Enemy is a film that is not bothered about the ‘anxiety of influence.’ Director Villeneuve and writer Gullón display such a fondness for other films that it is difficult not to feel it rubbing off. Before the film is even ten minutes in, we are solidly in the world of both Cronenberg and Lynch. The rest of the film is a puzzle that is left for you to decipher at your own leisure.
Adam is a history lecturer, who teaches about the controls of dictatorship and yet lives a fairly bare existence himself, rotating between teaching, commuting and having joyless sex with his girlfriend Mary (Mélanie Laurent). Having rented and watched a film that a colleague has recommended, Adam suddenly jerks awake, convinced that he has seen his double in a bit part actor in the film. He becomes obsessed with finding this person, a search which sparks, to say the least, an identity crisis.
Enemy feels like a film from that brief period of time after Donnie Darko that saw a surfeit in similar puzzle films, from The Machinist to Primer. Largely eschewing traditional plotting and characterisation in favour of plotting, some of these films were maddening and some were quite good fun – Primer was particularly enjoyable. Enemy is instead all about the mood. It is a grim, greens-and-yellows detective story that withholds enough to make a puzzle out of itself without ever distracting from its overall vaguely Hitchcockian tone. There are several interpretations about what the whole thing is about (and a good few of them sound rather silly), but the real value of the film is that it gets an edgy, searching, eerie feel without ever having to sacrifice it to some series of revelations and a villain to be beaten. It is a film about asking questions, not one about finding answers, and it is all the more interesting for that. It is told with an invention and élan, which keeps you interested, even if the film’s examinations of identity, uniqueness and fidelity appear to boil down to an episode of Wife Swap.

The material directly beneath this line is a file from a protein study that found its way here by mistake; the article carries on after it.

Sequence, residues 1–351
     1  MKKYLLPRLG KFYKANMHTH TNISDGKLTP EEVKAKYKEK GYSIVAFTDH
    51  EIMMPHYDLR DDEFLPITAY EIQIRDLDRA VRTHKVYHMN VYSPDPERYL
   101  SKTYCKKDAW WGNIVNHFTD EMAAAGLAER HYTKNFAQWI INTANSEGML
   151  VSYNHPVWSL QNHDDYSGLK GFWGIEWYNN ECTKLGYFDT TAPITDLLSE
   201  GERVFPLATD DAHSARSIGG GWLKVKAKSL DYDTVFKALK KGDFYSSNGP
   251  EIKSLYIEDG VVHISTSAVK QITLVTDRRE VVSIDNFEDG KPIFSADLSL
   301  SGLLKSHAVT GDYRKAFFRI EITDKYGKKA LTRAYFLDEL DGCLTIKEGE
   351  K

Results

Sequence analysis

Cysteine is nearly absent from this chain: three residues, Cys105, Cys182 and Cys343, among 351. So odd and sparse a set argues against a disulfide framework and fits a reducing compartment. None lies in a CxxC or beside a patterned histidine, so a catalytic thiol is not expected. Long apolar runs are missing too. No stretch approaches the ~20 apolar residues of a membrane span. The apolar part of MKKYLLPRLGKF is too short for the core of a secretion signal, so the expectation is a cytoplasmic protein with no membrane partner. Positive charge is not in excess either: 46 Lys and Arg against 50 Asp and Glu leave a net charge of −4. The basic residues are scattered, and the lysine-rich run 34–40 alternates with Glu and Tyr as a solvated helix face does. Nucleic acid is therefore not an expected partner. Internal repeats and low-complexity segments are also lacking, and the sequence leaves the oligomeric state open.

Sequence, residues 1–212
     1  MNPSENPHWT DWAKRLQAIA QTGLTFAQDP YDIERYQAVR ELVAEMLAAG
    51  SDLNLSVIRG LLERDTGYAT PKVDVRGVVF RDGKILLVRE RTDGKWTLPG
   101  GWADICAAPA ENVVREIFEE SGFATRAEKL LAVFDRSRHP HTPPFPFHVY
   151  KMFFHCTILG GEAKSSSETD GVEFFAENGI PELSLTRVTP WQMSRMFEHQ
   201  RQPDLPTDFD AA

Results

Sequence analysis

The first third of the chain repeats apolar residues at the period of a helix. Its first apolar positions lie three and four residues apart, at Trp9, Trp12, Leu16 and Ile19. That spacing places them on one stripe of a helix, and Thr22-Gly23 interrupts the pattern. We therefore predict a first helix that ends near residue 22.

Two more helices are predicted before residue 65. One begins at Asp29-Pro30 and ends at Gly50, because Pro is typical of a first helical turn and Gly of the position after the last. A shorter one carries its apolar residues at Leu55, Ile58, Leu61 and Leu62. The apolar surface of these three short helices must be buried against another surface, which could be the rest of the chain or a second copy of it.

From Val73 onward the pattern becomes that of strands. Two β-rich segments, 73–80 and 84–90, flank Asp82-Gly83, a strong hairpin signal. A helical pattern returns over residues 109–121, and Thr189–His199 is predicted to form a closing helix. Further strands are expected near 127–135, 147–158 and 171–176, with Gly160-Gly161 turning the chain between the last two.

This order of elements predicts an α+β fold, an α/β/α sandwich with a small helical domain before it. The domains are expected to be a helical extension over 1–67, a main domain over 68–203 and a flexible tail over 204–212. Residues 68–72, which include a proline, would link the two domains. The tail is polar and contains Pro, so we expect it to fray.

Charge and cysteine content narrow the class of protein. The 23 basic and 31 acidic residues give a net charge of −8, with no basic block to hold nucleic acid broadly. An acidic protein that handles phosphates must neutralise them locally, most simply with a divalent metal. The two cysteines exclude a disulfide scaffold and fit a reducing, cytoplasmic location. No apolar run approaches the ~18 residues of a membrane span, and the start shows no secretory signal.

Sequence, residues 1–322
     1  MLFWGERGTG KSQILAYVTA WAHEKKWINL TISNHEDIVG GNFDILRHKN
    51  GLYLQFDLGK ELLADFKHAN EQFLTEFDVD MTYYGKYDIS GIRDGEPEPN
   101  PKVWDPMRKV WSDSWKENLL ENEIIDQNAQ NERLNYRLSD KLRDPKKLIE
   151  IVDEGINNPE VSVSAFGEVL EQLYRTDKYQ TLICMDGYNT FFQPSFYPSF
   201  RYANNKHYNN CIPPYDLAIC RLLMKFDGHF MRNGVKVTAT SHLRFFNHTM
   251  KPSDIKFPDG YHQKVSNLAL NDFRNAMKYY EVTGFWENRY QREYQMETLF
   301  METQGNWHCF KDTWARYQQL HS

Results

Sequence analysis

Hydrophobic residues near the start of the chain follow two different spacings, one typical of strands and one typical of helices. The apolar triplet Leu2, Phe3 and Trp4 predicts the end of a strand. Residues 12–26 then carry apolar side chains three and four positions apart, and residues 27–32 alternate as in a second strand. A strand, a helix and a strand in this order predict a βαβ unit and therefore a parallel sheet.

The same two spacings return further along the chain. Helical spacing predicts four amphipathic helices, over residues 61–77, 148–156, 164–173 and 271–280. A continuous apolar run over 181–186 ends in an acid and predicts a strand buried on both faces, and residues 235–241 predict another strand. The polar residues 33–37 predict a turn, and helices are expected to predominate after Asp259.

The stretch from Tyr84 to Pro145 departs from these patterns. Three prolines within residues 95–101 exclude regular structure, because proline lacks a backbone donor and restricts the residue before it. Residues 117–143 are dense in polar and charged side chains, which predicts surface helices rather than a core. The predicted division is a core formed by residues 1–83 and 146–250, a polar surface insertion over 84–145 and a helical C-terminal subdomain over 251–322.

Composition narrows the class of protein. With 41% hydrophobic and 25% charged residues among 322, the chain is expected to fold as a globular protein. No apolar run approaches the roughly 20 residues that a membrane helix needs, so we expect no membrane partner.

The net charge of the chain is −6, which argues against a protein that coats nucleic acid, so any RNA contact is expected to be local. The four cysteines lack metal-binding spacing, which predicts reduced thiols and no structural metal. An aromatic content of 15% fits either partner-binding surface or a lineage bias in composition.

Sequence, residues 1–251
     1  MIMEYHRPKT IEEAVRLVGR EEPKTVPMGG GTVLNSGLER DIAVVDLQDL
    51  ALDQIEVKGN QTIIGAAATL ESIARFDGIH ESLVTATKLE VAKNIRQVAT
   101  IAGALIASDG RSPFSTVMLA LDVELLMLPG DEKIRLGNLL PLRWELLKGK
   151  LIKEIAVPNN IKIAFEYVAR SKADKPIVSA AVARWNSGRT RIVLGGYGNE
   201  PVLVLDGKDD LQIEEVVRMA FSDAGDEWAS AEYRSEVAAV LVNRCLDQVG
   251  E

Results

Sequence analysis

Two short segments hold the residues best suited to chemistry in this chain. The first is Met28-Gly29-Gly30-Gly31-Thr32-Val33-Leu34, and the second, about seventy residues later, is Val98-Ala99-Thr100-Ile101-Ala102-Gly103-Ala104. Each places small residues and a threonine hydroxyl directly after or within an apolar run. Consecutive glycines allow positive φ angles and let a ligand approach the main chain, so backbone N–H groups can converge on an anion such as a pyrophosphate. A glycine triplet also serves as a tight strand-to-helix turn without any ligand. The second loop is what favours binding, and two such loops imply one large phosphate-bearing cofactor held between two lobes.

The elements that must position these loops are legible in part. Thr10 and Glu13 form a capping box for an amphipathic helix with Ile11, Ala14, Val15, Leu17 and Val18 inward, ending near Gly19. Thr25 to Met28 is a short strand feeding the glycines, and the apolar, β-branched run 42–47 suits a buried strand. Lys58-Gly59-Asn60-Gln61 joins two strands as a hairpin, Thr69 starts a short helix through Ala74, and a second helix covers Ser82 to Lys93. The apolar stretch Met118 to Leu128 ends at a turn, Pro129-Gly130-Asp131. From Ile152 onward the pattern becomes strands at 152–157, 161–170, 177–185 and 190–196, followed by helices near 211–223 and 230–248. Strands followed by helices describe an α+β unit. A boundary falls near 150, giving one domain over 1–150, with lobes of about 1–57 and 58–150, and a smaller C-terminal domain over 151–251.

Jake Gyllenhaal gives a great performance, playing two characters with slight differences. Most of the eeriness of the film comes from the fact that Adam and Anthony are so similar in small ways, as opposed to total opposites who usually encounter each other in films of this sort. Gyllenhaal then is tasked with playing two different characters who have to be both different and the same. He pulls it off well. Mélanie Laurent and Sarah Gadon have less to do (these kinds of films all too often favour men), but turn in convincing performances as women watching the men (or man) in their live falling apart.
In summary, good, unsettling fun – up until the ending, which is, unfortunately, a touch too smugly odd. This complexity, more stylistic than anything, will be disappointingly missing from Villeneuve’s other 2015 release, Sicario.